Magazine article The New Yorker

Homecoming

Magazine article The New Yorker

Homecoming

Article excerpt

Homecoming

To unveil Donald Trump's decision to abandon the Paris Agreement on climate change, his Administration held an upbeat ceremony featuring a jazz quartet in the White House Rose Garden. "I was elected to represent the citizens of Pittsburgh--not Paris," he proclaimed.

The White House ceremony, on June 1st, took place in the middle of the night for Beijing, where David H. Rank, the most senior American diplomat in China, would have the responsibility of delivering the news to the Chinese government. Rank, who was running the U.S. Embassy until the arrival of Trump's Ambassador--the former governor of Iowa Terry Branstad--is fifty-two, and has spent more than half his life in the Foreign Service.

Growing up in Park Forest South, Illinois, a working-class suburb of Chicago, Rank gave no thought to diplomacy or politics; in a landlocked town, he fantasized about being a marine biologist. At the University of Illinois, he met his wife, Mary, who had grown up showing hogs and steers in 4-H competitions. Rank entered the Foreign Service following a student-exchange program in Taiwan, and he and Mary began their life abroad.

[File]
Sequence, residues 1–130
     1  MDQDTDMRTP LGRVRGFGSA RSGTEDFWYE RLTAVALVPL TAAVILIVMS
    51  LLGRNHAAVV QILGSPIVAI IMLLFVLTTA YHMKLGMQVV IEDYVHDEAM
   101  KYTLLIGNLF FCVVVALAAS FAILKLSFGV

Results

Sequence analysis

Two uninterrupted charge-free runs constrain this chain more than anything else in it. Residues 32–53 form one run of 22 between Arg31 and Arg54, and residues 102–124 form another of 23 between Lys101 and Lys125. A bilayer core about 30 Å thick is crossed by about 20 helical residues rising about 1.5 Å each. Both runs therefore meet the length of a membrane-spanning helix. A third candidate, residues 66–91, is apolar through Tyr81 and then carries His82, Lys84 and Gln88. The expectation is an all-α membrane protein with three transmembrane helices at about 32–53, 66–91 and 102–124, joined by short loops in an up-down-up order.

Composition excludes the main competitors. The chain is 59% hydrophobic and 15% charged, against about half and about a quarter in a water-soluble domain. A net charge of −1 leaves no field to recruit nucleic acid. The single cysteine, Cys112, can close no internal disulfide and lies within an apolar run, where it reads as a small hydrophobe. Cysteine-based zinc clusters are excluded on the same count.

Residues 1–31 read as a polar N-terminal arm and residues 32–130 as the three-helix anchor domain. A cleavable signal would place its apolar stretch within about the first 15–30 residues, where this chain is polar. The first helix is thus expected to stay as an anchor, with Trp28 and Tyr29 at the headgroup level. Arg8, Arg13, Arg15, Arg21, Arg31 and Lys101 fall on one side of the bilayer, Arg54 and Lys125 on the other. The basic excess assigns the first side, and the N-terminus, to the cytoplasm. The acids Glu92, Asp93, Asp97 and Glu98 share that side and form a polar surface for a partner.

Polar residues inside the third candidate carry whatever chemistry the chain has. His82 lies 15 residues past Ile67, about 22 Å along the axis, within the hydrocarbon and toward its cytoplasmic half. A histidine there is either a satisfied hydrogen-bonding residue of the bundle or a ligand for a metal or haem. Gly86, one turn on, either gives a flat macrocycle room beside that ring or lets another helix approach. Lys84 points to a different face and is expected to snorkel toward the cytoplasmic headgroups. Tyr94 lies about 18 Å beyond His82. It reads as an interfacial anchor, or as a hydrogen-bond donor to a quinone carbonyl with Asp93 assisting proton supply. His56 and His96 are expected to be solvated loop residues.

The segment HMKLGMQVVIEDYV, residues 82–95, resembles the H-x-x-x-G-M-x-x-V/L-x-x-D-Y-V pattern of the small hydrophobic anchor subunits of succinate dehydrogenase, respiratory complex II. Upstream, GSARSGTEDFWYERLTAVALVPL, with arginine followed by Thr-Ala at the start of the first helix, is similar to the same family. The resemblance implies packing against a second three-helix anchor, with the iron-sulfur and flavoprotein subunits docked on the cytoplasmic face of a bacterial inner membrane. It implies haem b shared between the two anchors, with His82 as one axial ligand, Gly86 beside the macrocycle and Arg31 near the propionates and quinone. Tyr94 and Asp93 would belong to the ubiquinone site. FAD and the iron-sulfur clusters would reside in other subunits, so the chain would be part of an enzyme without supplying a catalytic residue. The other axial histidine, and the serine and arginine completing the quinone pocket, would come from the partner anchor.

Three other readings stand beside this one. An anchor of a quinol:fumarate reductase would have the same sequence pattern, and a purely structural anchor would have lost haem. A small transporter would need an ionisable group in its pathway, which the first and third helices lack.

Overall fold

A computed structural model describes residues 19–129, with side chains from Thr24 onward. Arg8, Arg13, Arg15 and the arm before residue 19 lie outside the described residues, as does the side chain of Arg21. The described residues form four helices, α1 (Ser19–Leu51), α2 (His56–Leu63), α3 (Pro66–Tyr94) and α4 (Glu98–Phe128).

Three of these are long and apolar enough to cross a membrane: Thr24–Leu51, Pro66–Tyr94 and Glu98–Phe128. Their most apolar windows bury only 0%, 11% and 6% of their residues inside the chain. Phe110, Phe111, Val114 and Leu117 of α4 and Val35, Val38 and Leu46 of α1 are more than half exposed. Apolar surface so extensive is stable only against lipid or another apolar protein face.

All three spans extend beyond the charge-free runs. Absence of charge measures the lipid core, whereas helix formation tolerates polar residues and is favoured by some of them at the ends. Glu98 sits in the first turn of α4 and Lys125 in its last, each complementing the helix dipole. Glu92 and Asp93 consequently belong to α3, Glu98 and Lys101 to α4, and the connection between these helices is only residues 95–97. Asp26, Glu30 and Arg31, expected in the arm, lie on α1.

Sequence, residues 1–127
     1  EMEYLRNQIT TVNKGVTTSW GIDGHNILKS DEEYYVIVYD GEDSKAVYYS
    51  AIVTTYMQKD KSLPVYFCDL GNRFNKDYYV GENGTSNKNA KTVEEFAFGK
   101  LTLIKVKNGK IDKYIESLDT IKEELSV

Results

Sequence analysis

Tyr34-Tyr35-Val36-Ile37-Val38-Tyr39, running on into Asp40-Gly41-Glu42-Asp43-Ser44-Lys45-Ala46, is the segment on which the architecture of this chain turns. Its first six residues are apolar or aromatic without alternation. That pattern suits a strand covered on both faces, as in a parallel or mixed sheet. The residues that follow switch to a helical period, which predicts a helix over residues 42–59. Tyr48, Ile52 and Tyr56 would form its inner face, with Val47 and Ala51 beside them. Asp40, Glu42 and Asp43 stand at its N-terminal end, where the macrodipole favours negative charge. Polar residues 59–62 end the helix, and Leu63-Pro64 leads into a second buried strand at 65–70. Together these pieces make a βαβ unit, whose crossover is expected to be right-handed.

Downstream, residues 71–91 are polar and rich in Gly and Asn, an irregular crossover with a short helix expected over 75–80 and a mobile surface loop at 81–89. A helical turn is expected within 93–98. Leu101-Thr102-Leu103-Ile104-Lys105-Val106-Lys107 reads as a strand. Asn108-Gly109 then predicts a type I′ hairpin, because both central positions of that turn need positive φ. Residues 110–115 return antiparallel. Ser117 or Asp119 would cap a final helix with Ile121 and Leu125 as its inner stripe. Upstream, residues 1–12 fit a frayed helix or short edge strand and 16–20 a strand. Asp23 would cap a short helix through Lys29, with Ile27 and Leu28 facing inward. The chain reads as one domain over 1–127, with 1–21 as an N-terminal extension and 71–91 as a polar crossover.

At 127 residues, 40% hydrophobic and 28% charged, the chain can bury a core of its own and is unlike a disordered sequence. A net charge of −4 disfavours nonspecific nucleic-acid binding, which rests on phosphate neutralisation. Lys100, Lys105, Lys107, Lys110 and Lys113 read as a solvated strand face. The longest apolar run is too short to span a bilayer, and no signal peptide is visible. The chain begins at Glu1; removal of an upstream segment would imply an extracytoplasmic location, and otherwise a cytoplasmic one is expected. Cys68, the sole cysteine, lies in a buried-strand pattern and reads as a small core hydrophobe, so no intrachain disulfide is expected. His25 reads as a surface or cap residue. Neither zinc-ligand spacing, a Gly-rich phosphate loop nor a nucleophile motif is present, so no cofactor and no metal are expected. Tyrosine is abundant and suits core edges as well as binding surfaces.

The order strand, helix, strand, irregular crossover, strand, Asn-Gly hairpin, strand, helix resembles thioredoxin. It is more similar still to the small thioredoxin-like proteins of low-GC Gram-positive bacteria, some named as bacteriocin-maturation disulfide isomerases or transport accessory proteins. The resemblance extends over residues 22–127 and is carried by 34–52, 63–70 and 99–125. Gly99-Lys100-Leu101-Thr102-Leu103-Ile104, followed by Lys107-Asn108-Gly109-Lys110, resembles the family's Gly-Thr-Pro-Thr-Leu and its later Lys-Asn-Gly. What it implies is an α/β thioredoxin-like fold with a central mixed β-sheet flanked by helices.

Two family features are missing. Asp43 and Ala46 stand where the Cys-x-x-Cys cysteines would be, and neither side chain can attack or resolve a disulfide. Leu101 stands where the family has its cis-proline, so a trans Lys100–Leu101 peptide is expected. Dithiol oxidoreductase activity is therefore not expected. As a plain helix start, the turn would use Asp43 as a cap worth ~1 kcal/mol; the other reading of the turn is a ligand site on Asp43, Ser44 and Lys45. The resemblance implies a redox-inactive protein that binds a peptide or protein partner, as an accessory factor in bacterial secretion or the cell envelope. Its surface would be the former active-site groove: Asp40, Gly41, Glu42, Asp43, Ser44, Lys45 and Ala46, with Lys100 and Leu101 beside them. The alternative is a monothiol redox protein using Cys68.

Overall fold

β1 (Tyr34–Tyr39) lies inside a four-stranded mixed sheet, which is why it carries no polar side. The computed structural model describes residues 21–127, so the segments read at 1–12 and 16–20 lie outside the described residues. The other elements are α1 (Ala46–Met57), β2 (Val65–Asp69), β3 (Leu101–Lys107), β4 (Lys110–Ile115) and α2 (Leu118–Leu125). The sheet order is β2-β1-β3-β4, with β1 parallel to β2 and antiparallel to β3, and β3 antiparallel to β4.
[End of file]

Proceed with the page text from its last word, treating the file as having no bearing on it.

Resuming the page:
A diplomat's job consists of living in places where most Americans would rather not live, and studying esoterica that most Americans would rather not study. Rank served, in addition to Beijing, in Shanghai, Taiwan, Greece, and Mauritius. In 2011, he deployed to Afghanistan, and spent six months living in a converted shipping container, eating canned kale, and trying to persuade a reluctant President Hamid Karzai to continue supporting counterinsurgency operations led by American soldiers.

When Trump announced the withdrawal from Paris, Rank had a problem. Over the years, he had, at times, executed orders that he considered unwise. This one, however, was "morally wrong," he said last week. "I'm not a great theologian, but, just in my gut, I thought, We're stewards of creation and the world. As a parent, I've spent my life trying to make my children's lives O.K. And, finally, in terms of national interests, it's just dumb."

Rank sent a message to State Department headquarters: I can't do it. He offered to resign and was told to return to Washington immediately. Rank gathered the Embassy staff. He spoke ardently of public service, but said he could not back the Administration on the Paris decision. …

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